There’s a strange car in the driveway. It has out-of-province plates and showed up a couple of days ago. WTF is some come-from-away doing in our neighbourhood at a time like this. A time when COVID 19 numbers have just started ticking upwards again with a lot of the new cases related to out-of-province travel. This is what our neighbours are probably thinking. And I get it because it is human nature and we are all guilty of jumping to conclusions and passing judgement. Plus, commenting on one’s neighbours’ activities is a national pastime.
The car is It is not strange to us and we are very happy to have it here. Just after dinner on Sunday, we got a call from JT, who currently lives out of province. “I think I am going to come home,” he said. “I am feeling very overwhelmed.” His voice was shaky and said more than his words. It said I need to come home. I need some support.
JT is like me. He has down times. He gets those same heavy, exhausting, bottom-of-the-well feelings that I have described suffering from. He is a musician who hasn’t played a gig in over a year. His support network of fellow musicians is now nonexistent. He is trying to pay his bills by teaching dwindling music lessons online (not an easy task) and working part-time at The Beer Store, which was deemed an essential service but attracts multitudes of idiots and anti-maskers. He has been struggling to move forward with career decisions made over a year ago. JT is not alone in all this. There are many in the same boat, but he is my son and he needs a break.
“I’m packing the car and leaving tonight,” he said. “I will be there tomorrow afternoon.”
When someone arrives from outside the province, they must isolate for 14 days. Nova Scotia’s current COVID protocol is that any persons living at the destination must also isolate. This gave The Doc and I, both tired from lack of sleep due to check ins with JT during his night of driving, a few hours on Monday to prepare for two weeks of isolation. No problem. This wasn’t our first rodeo. We had to isolate in the fall and the biggest concern was food. The Doc headed to the meat store we frequent and the liquor store, because none of us wanted to go into isolation without our favourite beverages–beer for him and JT and wine for me.
I, in turn, headed off to the grocery store with a very long list of necessities in order to cover off meals and bathroom visits for the next two weeks. I arrived at the grocery store and decided to leave my purse in the car and only take my debit card and the list in. Once masked and in the store, I realized that I did not have the list, it was still in my purse; and I had forgotten to bring in my grocery bags. Off I go back to my car where I discover, while opening the hatch to look for grocery bags, that my winter tires were still in there taking up the space where all those groceries and paper products were supposed to go. In my flustered and poor attempt to rearrange these tires, I must have lost the list because it was gone by the time I was back inside and ready to shop.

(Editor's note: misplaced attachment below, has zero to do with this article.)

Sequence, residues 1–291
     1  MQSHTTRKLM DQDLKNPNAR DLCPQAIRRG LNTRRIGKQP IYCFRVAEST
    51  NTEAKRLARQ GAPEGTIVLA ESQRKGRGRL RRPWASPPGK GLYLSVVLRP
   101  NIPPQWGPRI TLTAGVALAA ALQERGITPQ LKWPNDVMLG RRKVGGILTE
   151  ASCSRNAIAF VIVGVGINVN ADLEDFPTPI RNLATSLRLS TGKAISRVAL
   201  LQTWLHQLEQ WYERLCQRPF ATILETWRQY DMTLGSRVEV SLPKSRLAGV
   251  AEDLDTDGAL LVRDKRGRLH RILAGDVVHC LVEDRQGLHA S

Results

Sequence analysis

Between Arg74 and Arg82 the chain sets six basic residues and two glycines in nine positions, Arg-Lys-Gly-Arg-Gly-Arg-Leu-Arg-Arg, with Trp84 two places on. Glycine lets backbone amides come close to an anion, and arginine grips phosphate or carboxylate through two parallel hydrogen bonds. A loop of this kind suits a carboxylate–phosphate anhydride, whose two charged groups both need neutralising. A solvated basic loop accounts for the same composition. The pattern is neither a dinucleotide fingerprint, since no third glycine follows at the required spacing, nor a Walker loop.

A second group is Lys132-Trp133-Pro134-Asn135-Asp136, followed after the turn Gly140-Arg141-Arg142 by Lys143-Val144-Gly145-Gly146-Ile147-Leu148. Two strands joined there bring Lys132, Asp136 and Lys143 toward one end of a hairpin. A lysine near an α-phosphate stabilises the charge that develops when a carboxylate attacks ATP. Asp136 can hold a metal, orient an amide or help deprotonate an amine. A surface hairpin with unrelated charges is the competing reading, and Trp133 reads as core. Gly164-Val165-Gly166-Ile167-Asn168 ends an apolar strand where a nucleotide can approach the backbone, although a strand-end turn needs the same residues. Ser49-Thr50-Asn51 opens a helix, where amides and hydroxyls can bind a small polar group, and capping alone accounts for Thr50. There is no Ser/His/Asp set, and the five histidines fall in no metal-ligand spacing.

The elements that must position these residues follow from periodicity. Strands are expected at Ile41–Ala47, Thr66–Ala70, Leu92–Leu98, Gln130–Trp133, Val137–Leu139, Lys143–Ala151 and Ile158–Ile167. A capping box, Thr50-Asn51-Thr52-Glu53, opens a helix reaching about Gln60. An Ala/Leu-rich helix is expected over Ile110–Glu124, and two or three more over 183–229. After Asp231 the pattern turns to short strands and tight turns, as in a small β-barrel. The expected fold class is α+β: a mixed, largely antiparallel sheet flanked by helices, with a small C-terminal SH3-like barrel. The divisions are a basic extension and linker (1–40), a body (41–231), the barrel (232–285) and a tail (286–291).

So I wandered slowly up and down the aisles hoping that my memory would be jogged by certain things to tell me that they were on the missing list. At the checkout, I didn’t have enough bags so I opted for paper ones for all the excess stuff. At my car, I struggled to fit the bags around the snow tires, with the paper ones tearing every time I attempted to pick them up. I was so happy to be heading home. It would take two relaxing weeks of isolation to recover from this adventure.
I would love to tell you that I remembered everything, but I did not. There were a few things that we realized I missed while putting the groceries away. The Doc running back out to pick up burritos for dinner just before JT arrived, which would effectively put us all into lockdown, detoured to pick these things up. We have since discovered there are still some missed items. Most notably sour cream and Q-tip Swabs. There won’t be any fajitas made in the next two weeks, and there may be some dirty ears before our isolation ends.
JT is settling in very well. We are happy that he arrived before the provincial boarder closed on Thursday. He packed his instruments so there will be music, specifically good music in our house again for a while. The Doc and I will have in-person music lessons with him. He has been teaching us via Facetime. We are all isolating but do not feel isolated. All of our spirits have improved.
As far as the neighbours go, JT left the yard yesterday to go for a recommended COVID test, one of two that will take place over his isolation period. I am sure some of the neighbours noticed the come-from-away car leaving and coming back and wondered why, then jumped to one conclusion or another. Our usually chatty neighbour, the guy who can talk for an hour on the property line, has kept his distance in the form of a quick “hi” as he continued to walk up his driveway. All is good, we didn’t have to make any public announcements. There have been a couple of distanced-drop offs by friends of JT’s. A prescription refill and a forgotten cable that allows them to game and chat together. And I am sure these events were also noticed. All the rules are being followed on our part so we have no concerns about the optics. And luckily we live in a pretty nice neighbourhood where people tend to only use this kind of information gathering for personal entertainment. So I say, let everyone be entertained.
Thank you for reading.
Photo: Jenn Stone